During my February trip to Paris I visited the Musée des arts décoratifs to take in an exhibition entitled L’esprit du Bauhaus. Having had the chance to visit the site of the Bauhaus in Dessau, Germany a number of years ago, I wanted to learn more about this fascinating school and the impact of its brief history (1919–1933).
I was most struck by the scope of the vision of founder Walter Gropius and his ability to draw others to participate in it, either as students or as teachers. Comprising a number of “schools” of artistic and design pursuits—cabinetmaking, textiles, metalwork, typography and photography, for example—Gropius used his own disciple of architecture as a unifying theme to draw the various threads of the programs together. There may not have been a single aesthetic, but there was a shared commitment to reunite design and manufacturing which had grown apart rapidly as industrialization took greater and greater hold on the Western world. This commitment could be seen in the way that students began their studies in foundational courses examining materials and colour theory and in the Bauhaus motto, "Art into Industry." The school did not disdain manufacturing; it aimed to give new life to mass production for the modern world.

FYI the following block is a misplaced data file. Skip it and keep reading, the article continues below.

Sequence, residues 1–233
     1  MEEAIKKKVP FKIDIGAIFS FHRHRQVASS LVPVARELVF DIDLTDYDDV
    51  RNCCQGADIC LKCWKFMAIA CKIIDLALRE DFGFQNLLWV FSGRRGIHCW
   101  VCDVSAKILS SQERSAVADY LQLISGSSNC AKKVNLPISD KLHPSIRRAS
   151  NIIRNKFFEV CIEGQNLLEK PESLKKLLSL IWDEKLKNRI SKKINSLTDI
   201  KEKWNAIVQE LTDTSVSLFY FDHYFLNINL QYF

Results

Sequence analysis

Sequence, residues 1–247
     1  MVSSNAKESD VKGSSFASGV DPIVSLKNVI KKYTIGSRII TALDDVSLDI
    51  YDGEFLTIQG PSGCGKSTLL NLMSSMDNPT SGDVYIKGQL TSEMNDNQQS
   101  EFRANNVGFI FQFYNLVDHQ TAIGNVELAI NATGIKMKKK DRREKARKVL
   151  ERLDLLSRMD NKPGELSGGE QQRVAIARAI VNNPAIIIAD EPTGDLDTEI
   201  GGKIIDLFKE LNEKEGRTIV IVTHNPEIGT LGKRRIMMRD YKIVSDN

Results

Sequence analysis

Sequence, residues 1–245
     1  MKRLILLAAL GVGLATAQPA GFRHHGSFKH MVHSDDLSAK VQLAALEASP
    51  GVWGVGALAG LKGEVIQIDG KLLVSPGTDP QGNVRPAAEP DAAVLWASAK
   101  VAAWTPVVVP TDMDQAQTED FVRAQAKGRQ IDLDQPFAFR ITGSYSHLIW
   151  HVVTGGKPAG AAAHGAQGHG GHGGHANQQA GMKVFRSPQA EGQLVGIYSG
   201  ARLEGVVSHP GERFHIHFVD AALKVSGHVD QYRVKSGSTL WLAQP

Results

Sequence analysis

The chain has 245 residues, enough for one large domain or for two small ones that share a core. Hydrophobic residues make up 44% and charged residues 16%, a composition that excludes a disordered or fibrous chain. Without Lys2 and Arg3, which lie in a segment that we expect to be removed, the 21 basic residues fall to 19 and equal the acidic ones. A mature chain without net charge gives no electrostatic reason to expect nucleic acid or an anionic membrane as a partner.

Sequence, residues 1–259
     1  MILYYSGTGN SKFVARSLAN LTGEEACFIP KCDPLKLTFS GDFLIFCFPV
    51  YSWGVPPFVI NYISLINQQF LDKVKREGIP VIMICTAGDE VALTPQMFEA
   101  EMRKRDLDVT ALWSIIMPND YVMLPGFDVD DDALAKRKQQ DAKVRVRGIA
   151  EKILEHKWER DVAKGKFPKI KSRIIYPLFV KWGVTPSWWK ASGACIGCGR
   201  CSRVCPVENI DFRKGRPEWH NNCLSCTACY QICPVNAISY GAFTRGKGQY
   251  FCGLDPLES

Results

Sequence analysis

The second half of the exhibit comprised more recent works by artists and designers who had been invited to create original works inspired by the ethos of the Bauhaus. I found this portion of the visit somewhat disappointing because it seemed to me that most participants had honoured the 'art' portion of the brief but had neglected the 'into industry' aspect: they had missed L'esprit du Bauhaus. Many of the pieces were visually interesting, but it was hard to imagine them being useful objects in the home or workplace.